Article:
The U.S. Census Bureau announced the establishment of a committee tasked with advising the organization on LGBT populations for implementing the once-a-decade national census.
The National Advisory Committee on Racial, Ethnic and Other Populations will advise the Census Bureau on topics such as housing, children, youth, poverty, privacy, race, ethnicity and LGBT populations.
According to a release, the committee will be made up of 31 members who have been selected based on their "expertise and knowledge of the cultural patterns, issues and/or statistical needs of hard-to-count populations."
Shane Snowdon, director of the LGBT Health and Aging Program at the Human Rights Campaign, and Charlotte Patterson, a psychology professor at the University of Virginia who specializes in child development in families with parents of the same sex, are among those chosen.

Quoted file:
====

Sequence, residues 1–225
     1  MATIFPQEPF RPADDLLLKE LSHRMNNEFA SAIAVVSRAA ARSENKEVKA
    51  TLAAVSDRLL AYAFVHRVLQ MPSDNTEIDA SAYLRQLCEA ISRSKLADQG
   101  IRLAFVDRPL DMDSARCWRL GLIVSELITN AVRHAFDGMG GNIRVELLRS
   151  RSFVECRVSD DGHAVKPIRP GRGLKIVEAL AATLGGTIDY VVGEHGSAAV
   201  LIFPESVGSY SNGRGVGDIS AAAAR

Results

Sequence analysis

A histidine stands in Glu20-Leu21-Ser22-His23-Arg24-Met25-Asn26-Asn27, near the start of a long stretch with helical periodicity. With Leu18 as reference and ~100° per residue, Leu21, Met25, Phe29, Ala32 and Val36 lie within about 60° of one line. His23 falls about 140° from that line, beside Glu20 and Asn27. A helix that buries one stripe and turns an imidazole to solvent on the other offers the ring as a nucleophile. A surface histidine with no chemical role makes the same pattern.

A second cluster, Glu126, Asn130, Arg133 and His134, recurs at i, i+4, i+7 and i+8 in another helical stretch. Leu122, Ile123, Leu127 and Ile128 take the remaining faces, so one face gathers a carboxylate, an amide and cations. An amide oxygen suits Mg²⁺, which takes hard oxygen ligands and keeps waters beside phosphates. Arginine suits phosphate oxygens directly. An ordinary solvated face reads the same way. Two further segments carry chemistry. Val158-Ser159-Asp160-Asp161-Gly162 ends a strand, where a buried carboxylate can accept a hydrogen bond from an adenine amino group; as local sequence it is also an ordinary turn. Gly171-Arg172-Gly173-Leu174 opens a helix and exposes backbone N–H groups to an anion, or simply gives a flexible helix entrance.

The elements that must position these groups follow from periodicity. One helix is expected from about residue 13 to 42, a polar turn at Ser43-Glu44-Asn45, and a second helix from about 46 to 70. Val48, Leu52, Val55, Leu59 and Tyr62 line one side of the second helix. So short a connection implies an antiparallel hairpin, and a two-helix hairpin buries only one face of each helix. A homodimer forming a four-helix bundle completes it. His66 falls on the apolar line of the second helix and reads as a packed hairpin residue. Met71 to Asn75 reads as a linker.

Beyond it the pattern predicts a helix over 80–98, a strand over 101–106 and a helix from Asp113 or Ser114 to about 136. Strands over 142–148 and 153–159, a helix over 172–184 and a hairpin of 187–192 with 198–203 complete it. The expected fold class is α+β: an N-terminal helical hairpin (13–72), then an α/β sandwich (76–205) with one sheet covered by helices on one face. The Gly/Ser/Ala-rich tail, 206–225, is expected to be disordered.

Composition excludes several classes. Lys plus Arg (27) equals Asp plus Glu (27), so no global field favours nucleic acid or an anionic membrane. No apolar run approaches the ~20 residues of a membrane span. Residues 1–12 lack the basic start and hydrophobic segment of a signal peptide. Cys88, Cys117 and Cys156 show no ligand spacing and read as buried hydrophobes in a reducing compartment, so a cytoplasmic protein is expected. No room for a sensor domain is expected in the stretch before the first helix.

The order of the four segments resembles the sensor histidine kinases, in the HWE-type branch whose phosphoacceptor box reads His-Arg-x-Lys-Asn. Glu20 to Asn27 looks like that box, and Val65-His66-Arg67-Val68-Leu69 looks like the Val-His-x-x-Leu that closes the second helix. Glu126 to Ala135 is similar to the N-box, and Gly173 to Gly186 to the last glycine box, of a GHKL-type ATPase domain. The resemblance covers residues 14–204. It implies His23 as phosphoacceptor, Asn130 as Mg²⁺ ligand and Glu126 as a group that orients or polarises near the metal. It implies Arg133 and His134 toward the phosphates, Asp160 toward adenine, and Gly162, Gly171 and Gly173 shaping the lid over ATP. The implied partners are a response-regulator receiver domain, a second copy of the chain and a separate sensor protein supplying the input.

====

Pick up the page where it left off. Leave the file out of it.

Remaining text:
According to Thomas Mesenbourg, the Census Bureau's acting director, the committee will help meet emerging statistical challenges faced by an increasingly diverse nation.
"We expect that the expertise of this committee will help us meet emerging challenges the Census Bureau faces in producing statistics about our diverse nation," Mesenbourg said in a statement. "By helping us better understand a variety of issues that affect statistical measurement, this committee will help ensure that the Census Bureau continues to provide relevant and timely statistics used by federal, state and local governments as well as business and industry in an increasingly technologically oriented society."
The national census has never asked respondents about their sexual orientation, except in the case of same-sex couples who have been able to indicate the sex of their spouse or partner. It remains unclear if this move by the Census Bureau could mean a full count of the LGBT population in the 2020 census.